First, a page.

- International and Zimbabwean trade unions fear a repetition of last year's police violence and mass arrests when the National Day of Union Protest is marked tomorrow. Trade unions will protest against human rights violations.
The Zimbabwe Congress of Trade Unions (ZCTU) is calling for protest against violations of human and trade union rights, increases in the cost of living, high levels of taxation and increased unemployment, now reaching 70 percent of the workforce.
Protest marches will be arranged in the capital, Harare, at 12:30 (local time) tomorrow. The demonstration will march towards the Ministry of Finance, where ZCTU is to present a list of demands to the Minister. The trade union is planning a peaceful demonstration.
Its counterpart, however, is already said to prepare violent action. The government and police troops are in the possession of "detailed plans" on how to crush the demonstration and ZCTU leaders have received threats from the Zimbabwe Republic Police.
Detailing reports of threats made by police officers to quash the national protest and concerned at attempts to label the demonstration as illegitimate, the ZCTU is now asking President Robert Mugabe to ensure that the mass protest proceeds peacefully. In accordance with the 'Public Order and Security Act', the ZCTU had of course notified the police of the planned action.
Zimbabwe Police spokesman, Assistant Commissioner Wayne Bvudzijena, is quoted as having said: "Any illegal demonstrations targeted at disturbing peace and stability in this country will be dealt with in terms of the law." He went on to term tomorrow's protest an illegitimate demonstration, despite ZCTU's notification of the protest.
ZCTU and international trade unions are now calling for calm ahead of the national protest tomorrow. Unions were "seeking to avoid a repetition of the events on 8 October 2003 when 165 trade unionists were arrested at a ZCTU demonstration, some of who were severely assaulted," according to a letter to President Mugabe from the International Confederation of Free Trade Unions (ICFTU).
The Zimbabwean union also has received unprecedented support from its Southern African brother unions. The South African union federation COSATU - which consistently has taken a tough line on the Zimbabwean government - has now been followed by the trade unions of other countries in the region, calling President Mugabe to respect human and workers rights.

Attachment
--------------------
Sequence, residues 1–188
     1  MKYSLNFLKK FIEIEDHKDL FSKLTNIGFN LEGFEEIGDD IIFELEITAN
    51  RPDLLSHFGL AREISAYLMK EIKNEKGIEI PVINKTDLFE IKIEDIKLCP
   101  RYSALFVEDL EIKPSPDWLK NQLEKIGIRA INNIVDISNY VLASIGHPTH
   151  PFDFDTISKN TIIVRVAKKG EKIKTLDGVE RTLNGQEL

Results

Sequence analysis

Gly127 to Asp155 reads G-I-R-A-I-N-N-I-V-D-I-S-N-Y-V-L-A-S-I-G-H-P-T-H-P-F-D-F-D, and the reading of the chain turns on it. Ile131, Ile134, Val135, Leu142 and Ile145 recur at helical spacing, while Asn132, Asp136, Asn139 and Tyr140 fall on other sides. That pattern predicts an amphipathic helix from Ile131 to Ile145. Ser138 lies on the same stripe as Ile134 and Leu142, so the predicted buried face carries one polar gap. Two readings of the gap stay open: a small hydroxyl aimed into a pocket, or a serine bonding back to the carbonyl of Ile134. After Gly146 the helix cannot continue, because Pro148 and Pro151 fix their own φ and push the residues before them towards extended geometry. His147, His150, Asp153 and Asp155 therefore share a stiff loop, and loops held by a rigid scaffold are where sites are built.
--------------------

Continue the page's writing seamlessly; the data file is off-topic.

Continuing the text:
COSATU spokesman Patrick Craven today issued a statement, again emphasising the South African trade unionists' strong support for their Zimbabwean colleagues. COSATU called upon President Mugabe "not to interfere with the ZCTU's bonafide trade union activities and to let the workers of Zimbabwe express their feelings over the mess the economy is in."
We agree with the ZCTU that there is no valid reason for the Police not to let the protest go ahead and views this statement as a blatant misinterpretation and contempt of the law by the Police, Mr Craven added.
Southern Africa's trade unions are now turning into the core of protest against the deteriorating situation in Zimbabwe and Swaziland. At a meeting in Harare last week, the 11 affiliates of the Southern African Trade Union Coordination Council called on their governments to put pressure on the two countries to respect human and workers rights.
Earlier this year, COSATU blockaded the South African border with Swaziland, but so far no action has been taken against Zimbabwe. Mr Craven said if the idea for similar action were called for by the Zimbabwean trade union, "I am sure this would be considered very sympathetically." He added any action against the Harare government would have to be in support of its counterpart in Zimbabwe.
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